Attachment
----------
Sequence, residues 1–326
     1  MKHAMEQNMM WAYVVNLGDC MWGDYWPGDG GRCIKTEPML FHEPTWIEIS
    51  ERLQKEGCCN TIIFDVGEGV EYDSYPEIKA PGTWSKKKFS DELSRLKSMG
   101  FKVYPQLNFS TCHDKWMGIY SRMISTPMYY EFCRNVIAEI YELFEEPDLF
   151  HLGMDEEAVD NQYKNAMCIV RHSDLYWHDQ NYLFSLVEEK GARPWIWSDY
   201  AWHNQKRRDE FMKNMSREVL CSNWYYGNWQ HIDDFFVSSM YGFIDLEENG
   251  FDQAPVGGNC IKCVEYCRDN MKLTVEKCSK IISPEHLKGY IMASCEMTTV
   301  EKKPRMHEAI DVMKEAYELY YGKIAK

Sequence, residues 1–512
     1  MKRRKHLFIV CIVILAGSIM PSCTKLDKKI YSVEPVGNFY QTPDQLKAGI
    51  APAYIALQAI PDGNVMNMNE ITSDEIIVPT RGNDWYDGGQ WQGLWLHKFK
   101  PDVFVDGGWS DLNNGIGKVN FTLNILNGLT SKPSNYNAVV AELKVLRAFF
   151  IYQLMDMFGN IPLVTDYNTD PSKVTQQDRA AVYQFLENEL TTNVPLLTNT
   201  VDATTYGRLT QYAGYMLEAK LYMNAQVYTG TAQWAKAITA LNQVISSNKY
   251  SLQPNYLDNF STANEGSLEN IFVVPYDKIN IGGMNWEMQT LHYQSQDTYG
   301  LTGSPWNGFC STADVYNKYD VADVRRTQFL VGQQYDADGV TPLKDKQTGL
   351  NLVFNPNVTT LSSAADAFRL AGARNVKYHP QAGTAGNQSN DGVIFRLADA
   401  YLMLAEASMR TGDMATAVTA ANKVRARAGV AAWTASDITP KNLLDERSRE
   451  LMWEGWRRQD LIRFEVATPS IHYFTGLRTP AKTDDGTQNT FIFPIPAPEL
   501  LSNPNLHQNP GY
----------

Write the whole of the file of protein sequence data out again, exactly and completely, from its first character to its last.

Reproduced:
Sequence, residues 1–326
     1  MKHAMEQNMM WAYVVNLGDC MWGDYWPGDG GRCIKTEPML FHEPTWIEIS
    51  ERLQKEGCCN TIIFDVGEGV EYDSYPEIKA PGTWSKKKFS DELSRLKSMG
   101  FKVYPQLNFS TCHDKWMGIY SRMISTPMYY EFCRNVIAEI YELFEEPDLF
   151  HLGMDEEAVD NQYKNAMCIV RHSDLYWHDQ NYLFSLVEEK GARPWIWSDY
   201  AWHNQKRRDE FMKNMSREVL CSNWYYGNWQ HIDDFFVSSM YGFIDLEENG
   251  FDQAPVGGNC IKCVEYCRDN MKLTVEKCSK IISPEHLKGY IMASCEMTTV
   301  EKKPRMHEAI DVMKEAYELY YGKIAK

Sequence, residues 1–512
     1  MKRRKHLFIV CIVILAGSIM PSCTKLDKKI YSVEPVGNFY QTPDQLKAGI
    51  APAYIALQAI PDGNVMNMNE ITSDEIIVPT RGNDWYDGGQ WQGLWLHKFK
   101  PDVFVDGGWS DLNNGIGKVN FTLNILNGLT SKPSNYNAVV AELKVLRAFF
   151  IYQLMDMFGN IPLVTDYNTD PSKVTQQDRA AVYQFLENEL TTNVPLLTNT
   201  VDATTYGRLT QYAGYMLEAK LYMNAQVYTG TAQWAKAITA LNQVISSNKY
   251  SLQPNYLDNF STANEGSLEN IFVVPYDKIN IGGMNWEMQT LHYQSQDTYG
   301  LTGSPWNGFC STADVYNKYD VADVRRTQFL VGQQYDADGV TPLKDKQTGL
   351  NLVFNPNVTT LSSAADAFRL AGARNVKYHP QAGTAGNQSN DGVIFRLADA
   401  YLMLAEASMR TGDMATAVTA ANKVRARAGV AAWTASDITP KNLLDERSRE
   451  LMWEGWRRQD LIRFEVATPS IHYFTGLRTP AKTDDGTQNT FIFPIPAPEL
   501  LSNPNLHQNP GY